Although the most common problem with tattoos is that people later want them removed, tattooing can also be a health hazard. Unsterilized equipment can transmit diseases such as AIDS and hepatitis. Many pigments used in tattoo inks are not approved for skin contact, much less injection. (Some are industrial-grade colours that are suitable for printers ink or automobile paint.) The pigment can migrate into unwanted areas. Some people also develop allergic reactions to the inks and some experience swelling or burning in the tattooed areas if they undergo magnetic resonance imaging (MRI).
Over the last 20 years, the number of tattoo studios in the USA has risen from 300 to more than 4,000. About half of the states now have regulations governing the practice.
In 2000, about 18 percent of US college students now have tattoos. Women now account for half of all tattoo recipients. Many people now get tattoos not as a fashion statement but to simulate natural pigmentation after breast or facial surgery, to create artificial eyebrows in certain hair loss conditions or to make discoloured skin look more normal despite a skin disease called vitiligo.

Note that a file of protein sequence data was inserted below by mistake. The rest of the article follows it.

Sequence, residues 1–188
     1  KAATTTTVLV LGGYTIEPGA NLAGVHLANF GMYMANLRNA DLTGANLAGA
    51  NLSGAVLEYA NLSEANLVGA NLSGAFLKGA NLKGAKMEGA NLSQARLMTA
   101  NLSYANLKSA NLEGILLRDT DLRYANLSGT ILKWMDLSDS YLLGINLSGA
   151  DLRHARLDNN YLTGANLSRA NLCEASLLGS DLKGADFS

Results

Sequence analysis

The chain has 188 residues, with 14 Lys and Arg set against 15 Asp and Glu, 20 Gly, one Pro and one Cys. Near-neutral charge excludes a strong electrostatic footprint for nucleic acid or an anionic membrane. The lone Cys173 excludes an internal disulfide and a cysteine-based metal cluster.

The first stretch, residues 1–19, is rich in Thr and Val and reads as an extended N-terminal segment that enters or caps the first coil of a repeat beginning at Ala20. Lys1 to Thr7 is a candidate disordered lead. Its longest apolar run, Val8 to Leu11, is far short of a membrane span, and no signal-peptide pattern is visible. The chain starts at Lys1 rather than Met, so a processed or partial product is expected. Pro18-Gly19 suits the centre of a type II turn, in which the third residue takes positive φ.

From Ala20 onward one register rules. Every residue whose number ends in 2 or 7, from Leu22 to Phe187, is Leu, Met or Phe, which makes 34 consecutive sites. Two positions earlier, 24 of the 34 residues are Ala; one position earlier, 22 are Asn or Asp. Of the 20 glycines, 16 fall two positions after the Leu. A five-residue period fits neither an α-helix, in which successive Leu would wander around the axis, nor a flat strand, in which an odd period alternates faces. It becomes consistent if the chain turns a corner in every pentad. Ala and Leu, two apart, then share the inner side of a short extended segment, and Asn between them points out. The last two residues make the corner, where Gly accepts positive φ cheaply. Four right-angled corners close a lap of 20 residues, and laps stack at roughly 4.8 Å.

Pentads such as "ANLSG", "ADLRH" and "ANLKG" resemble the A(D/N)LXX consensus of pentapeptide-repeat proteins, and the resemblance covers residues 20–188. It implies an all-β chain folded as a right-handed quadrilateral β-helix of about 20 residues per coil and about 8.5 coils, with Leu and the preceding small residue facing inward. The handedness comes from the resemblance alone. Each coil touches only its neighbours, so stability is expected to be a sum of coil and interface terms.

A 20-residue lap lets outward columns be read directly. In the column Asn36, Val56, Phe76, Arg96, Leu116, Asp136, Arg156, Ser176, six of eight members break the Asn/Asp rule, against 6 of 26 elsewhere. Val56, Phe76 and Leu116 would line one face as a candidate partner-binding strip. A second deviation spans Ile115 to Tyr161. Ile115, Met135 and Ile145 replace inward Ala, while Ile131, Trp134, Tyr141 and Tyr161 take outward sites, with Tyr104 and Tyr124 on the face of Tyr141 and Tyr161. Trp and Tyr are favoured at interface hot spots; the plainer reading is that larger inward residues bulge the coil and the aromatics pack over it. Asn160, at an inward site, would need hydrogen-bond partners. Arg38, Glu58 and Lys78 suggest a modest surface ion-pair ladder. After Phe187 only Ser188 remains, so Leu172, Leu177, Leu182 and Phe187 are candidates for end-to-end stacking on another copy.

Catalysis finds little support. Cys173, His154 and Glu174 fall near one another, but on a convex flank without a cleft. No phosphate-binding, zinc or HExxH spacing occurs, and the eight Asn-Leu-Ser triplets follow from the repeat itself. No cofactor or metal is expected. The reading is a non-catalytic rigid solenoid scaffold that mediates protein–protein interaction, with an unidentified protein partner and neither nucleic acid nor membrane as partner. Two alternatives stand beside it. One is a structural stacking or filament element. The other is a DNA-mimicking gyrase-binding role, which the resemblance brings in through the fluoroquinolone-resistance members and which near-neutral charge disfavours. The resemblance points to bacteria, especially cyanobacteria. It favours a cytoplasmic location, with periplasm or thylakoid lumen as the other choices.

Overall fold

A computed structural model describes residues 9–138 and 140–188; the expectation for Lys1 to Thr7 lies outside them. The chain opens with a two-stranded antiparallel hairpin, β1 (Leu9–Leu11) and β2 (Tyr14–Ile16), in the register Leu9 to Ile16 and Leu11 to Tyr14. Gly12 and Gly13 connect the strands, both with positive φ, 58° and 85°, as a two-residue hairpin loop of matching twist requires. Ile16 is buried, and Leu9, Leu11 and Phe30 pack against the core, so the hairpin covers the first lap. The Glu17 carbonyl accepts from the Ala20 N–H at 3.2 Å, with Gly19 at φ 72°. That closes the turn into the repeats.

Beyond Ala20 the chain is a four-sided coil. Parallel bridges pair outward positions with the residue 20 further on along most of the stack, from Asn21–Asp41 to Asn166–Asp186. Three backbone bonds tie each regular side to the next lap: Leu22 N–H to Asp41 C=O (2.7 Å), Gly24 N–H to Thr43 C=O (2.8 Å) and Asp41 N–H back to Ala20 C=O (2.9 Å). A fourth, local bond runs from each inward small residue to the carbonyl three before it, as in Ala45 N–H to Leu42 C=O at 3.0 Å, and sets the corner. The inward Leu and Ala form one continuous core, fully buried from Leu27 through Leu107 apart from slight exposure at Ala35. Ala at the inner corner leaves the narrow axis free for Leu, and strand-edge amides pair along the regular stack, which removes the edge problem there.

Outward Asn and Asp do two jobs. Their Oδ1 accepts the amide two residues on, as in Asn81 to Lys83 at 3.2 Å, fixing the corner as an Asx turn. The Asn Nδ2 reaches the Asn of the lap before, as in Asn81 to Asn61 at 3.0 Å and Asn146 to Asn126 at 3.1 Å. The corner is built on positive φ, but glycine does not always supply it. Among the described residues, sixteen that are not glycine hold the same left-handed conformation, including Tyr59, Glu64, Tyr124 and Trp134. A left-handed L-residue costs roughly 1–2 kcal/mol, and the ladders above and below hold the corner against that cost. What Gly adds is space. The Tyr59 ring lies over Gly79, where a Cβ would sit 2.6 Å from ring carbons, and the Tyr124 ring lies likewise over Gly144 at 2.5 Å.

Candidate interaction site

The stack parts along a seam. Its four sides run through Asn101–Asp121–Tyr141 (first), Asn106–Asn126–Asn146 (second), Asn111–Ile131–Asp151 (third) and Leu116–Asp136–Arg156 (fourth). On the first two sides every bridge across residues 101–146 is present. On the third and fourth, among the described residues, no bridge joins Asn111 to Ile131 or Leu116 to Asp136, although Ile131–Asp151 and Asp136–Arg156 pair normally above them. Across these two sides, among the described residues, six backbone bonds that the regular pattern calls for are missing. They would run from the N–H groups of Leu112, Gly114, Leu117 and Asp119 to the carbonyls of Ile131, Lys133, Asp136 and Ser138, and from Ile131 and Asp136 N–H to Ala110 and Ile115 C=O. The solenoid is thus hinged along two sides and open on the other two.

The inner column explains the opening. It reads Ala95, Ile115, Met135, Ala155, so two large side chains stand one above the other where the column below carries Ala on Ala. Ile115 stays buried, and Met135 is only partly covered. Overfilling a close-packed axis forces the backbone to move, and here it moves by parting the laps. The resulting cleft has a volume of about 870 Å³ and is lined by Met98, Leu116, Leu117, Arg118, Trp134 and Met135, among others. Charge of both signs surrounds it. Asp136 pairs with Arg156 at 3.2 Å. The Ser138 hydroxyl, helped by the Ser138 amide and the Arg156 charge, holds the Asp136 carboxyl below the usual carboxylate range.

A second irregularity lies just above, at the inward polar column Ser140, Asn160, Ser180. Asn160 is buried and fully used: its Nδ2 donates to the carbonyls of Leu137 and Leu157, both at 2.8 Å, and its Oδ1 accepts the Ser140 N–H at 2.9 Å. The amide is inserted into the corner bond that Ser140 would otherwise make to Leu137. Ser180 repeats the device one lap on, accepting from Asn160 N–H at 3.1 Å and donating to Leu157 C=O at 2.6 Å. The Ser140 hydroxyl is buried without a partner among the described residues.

A study was made in the USA of 626 men and women who did not know their hepatitis status and came into an orthopaedic clinic for reasons unrelated to hepatitis. Nearly a fifth of participants had a tattoo. Of those who had a tattoo, 22% were infected with hepatitis C, and of those who had it done at commercial parlours (as opposed to in their own homes), 33% had the disease. Only 3% of people without a tattoo had hepatitis C.